Surnamed Africanus, the first part of my Arts-friendly Archives project, had three well-received performances. Additionally the production was filmed by Wolverhampton University’s Phil Nichols and his students and will be available online and on on DVD from September. More information to follow.
Next up is Murchison and the Miners, in Dudley Archives, starting 8th November. More details as soon as they are available.
The Arts-friendly Archives project is supported by the Arts Council and involves three plays in three venues: Wolverhampton, Dudley (November 2016) and the Shakespeare Birthplace Trust, Stratford upon Avon (May 2017).
I write and produce professionally-acted and directed plays. These are frequently based on actual historical events researched by myself.
My approach is three-pronged: adult drama involving communities in various venues including open-air ones; plays for children both in schools and historic and characterful buildings; and informal, sometimes promenade, site-specific pieces for adults in archives, museums and art galleries.
People’s memories of their area’s past and their own experiences are also important in my script-writing. I aim to create a rapport with audiences who may not see theatre as something they normally do.
What I offer
Using my own research, I create engaging, entertaining and informative plays. My audiences span primary pupils, young people and adults.
Whether you want to spotlight an important piece of local history or a building or a collection I can collaborate with you to produce a unique piece of theatre. And we could film it for future use.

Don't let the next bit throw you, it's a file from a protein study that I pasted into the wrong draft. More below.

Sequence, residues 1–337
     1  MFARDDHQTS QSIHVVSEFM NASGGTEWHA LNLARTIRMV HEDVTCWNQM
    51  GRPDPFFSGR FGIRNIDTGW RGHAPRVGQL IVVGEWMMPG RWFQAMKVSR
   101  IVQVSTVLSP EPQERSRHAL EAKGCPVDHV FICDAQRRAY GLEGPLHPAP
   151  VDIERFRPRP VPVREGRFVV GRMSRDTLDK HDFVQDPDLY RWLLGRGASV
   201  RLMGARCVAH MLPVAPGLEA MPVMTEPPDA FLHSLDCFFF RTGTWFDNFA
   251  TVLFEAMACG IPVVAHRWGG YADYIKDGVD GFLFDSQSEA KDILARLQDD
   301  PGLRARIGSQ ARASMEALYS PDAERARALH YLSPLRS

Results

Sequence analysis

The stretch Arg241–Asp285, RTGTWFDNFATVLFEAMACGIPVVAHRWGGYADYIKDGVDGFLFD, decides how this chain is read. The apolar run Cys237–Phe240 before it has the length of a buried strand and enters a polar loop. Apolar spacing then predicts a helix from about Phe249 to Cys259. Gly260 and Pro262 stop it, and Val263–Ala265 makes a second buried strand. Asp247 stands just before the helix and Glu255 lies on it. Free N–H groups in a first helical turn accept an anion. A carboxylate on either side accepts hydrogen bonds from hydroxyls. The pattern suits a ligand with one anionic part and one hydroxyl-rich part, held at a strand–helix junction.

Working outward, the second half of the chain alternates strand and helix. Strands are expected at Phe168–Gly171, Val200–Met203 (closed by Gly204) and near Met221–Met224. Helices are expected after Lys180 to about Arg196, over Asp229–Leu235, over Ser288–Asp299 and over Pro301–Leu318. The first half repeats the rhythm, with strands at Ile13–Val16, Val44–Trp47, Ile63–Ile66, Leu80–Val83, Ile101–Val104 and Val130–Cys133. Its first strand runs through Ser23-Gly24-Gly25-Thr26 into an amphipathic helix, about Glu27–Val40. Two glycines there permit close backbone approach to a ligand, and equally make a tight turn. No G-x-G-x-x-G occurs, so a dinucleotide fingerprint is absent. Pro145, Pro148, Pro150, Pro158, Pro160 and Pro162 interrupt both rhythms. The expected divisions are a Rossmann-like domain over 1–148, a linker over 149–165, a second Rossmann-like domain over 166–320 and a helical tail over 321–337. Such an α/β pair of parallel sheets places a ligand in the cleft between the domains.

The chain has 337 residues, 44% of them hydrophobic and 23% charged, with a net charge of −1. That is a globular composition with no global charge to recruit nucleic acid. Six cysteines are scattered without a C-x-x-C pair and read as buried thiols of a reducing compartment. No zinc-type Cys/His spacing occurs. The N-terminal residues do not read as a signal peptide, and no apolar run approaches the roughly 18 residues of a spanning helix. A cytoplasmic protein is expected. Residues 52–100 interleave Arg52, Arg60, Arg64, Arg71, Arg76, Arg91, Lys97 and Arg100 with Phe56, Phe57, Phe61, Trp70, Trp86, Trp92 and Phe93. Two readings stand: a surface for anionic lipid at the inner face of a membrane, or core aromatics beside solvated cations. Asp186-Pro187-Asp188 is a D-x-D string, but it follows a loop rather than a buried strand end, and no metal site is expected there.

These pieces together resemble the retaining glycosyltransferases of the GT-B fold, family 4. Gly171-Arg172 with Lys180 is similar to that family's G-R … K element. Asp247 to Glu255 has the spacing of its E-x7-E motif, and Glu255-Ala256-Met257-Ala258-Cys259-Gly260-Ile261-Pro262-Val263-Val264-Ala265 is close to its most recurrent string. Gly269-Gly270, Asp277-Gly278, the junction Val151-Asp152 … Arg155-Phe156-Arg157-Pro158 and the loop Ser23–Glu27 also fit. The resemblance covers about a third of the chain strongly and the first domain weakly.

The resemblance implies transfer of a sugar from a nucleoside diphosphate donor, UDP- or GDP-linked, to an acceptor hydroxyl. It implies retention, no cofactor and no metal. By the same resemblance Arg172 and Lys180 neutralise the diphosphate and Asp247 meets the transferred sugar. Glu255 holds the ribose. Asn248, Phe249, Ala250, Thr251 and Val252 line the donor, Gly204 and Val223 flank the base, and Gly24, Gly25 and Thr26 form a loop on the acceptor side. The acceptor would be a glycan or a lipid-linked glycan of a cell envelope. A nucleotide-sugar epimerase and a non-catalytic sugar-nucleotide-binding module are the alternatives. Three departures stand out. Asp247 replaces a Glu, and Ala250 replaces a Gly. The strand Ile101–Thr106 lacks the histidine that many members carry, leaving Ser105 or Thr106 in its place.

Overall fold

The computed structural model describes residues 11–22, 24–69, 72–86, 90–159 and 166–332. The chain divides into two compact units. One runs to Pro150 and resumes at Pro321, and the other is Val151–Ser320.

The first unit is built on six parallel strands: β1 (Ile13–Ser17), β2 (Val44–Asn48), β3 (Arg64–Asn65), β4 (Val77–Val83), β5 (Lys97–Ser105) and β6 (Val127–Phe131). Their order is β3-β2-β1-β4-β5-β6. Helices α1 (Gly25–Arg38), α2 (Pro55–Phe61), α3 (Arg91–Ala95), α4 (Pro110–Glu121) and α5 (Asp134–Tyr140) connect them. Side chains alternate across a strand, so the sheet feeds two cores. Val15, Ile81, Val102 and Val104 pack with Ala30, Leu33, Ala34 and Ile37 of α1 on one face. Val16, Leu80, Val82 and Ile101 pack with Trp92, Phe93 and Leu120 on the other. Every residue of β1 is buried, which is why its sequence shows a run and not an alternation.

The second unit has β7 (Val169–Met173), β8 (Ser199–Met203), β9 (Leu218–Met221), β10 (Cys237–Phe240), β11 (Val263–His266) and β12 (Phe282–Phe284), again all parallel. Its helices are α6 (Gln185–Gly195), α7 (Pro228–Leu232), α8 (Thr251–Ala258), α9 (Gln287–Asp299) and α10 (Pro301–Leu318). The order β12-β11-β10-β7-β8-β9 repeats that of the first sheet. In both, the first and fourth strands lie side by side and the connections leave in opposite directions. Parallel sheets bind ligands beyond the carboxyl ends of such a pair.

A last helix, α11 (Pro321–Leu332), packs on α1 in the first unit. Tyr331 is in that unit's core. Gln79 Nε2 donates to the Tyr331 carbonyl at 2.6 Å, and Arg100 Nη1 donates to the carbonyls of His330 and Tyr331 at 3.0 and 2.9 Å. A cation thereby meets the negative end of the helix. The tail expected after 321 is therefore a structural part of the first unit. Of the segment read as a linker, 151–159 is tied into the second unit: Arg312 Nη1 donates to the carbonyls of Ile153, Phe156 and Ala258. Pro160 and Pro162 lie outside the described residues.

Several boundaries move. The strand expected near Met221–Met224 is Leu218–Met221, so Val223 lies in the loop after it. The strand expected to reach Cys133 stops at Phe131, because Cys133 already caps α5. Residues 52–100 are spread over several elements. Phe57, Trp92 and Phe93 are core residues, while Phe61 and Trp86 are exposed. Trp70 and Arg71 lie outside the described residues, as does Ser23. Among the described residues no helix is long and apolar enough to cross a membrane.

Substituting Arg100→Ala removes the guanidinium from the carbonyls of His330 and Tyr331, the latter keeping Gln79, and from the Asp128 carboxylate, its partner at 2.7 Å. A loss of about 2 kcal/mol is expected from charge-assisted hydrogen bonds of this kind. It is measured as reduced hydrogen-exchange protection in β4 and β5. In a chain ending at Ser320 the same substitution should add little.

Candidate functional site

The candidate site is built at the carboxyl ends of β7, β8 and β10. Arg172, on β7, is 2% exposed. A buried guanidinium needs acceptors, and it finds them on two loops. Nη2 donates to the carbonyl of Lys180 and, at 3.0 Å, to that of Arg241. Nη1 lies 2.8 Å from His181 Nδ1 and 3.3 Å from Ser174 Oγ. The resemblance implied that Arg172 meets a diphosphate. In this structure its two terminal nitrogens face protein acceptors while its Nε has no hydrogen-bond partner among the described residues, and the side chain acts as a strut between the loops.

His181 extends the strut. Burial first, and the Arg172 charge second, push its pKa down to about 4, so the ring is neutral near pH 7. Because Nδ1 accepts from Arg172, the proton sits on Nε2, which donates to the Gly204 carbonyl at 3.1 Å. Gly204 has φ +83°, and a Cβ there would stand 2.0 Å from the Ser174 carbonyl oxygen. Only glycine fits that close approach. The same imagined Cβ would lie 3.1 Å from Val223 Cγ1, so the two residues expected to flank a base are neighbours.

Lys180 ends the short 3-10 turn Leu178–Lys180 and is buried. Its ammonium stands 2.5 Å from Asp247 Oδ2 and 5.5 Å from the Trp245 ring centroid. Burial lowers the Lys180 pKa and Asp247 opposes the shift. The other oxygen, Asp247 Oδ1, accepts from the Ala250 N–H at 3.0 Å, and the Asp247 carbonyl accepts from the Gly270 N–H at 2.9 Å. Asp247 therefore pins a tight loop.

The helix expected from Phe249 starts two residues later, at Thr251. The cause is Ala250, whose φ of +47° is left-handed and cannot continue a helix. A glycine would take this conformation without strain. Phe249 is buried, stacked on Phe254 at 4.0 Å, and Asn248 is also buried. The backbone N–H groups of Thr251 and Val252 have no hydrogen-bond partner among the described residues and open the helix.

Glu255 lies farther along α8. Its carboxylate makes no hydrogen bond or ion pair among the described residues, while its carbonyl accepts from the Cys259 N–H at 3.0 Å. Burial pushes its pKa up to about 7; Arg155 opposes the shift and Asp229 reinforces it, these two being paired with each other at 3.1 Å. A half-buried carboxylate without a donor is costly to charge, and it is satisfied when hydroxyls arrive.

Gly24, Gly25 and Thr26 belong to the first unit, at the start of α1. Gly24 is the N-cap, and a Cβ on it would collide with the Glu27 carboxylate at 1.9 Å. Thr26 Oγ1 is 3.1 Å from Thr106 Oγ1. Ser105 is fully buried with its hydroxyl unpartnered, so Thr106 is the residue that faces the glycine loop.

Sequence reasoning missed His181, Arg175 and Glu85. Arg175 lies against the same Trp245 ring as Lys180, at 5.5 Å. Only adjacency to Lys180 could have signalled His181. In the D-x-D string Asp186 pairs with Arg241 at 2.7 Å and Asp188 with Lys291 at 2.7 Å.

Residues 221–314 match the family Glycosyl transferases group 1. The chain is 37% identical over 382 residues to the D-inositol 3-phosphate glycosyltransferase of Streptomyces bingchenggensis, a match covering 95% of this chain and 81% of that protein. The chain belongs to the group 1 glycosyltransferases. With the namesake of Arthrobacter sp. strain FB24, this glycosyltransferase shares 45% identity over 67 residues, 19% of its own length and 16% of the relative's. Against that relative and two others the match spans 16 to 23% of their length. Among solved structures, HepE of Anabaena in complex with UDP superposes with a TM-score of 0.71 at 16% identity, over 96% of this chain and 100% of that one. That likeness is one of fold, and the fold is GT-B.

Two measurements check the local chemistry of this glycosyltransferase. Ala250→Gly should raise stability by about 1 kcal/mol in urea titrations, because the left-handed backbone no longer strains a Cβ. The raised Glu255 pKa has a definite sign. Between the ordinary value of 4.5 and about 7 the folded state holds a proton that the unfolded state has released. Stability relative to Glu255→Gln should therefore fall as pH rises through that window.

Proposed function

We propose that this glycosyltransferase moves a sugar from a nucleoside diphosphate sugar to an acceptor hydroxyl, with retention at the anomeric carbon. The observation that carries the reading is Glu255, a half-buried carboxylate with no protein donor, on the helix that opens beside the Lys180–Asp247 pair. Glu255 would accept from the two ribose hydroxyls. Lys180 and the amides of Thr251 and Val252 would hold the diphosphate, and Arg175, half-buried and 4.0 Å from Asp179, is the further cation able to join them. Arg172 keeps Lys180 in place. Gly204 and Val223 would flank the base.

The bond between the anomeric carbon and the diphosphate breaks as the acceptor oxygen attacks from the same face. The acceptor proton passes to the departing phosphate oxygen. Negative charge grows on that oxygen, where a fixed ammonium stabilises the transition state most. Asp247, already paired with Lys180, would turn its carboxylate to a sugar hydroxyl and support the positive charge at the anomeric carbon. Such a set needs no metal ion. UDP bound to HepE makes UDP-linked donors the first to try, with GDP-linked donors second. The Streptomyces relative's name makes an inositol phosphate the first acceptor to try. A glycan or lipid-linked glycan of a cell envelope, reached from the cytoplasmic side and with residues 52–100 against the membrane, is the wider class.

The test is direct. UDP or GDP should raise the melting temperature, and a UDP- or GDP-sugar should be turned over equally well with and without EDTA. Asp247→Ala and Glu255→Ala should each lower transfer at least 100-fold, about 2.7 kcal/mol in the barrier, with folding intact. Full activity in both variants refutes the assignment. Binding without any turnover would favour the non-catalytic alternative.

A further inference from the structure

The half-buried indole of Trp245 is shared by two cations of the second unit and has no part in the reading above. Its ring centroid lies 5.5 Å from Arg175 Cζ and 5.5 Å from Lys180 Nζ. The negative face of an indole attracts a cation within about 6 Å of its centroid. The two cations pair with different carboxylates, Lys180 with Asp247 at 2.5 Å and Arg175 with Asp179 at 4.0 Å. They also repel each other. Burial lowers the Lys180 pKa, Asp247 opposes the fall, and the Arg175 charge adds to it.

June 2016, Mary Stevens Park, Stourbridge, Dudley. In the Land of Glass and Saucepans, was a free, half-hour, outdoor comedy staged in the park’s charming Tea Gardens (with gazebo shelter when it rained).
The play celebrated Dudley Council’s Heritage Lottery-funded refurbishment of Mary Stevens Park. There were schools performances for audiences from years five and six, and free performances for the general public at the weekend.
Wolverhampton City Council commissioned two outdoor pieces for the re-opening (following an HLF grant) of their East Park: Daisy, Daisy a comedy for adults and We all love a paddle for children and grandparents.
The HLF-funded, How d’you know that? was performed live at Sandwell archives and then premièred as a film. The HLF also funded the professional filming of the performance and a short documentary about the project. These can be viewed here.
Other schools productions have ranged from A is for Archives (KS1) about a Georgian slave who once lived in the building which now houses the Wolverhampton Archives, to We started it!, about the Victorian origins of Wolverhampton Wanderers, performed in six primary schools, to a seven-minute film I produced with Madeley construction students, about their town’s buildings (Stories in Stone).
My adult pieces include the promenade performance Civic Pride at Bantock House Museum, A Matter of Interpretation which responds to an exhibit at Wolverhampton Art Gallery, and Pupil Teacher, performed in the intimacy of Bantock’s Arts-and-Crafts parlour.
Would you like me to work with you?
I can write comedy or more serious drama. I have good working relations with a number of Archives and particularly welcome writing site-specific pieces for such institutions.
Plays start at 15 minutes but can be considerably longer depending on your anticipated audience.
Please feel free to contact me to arrange an informal discussion.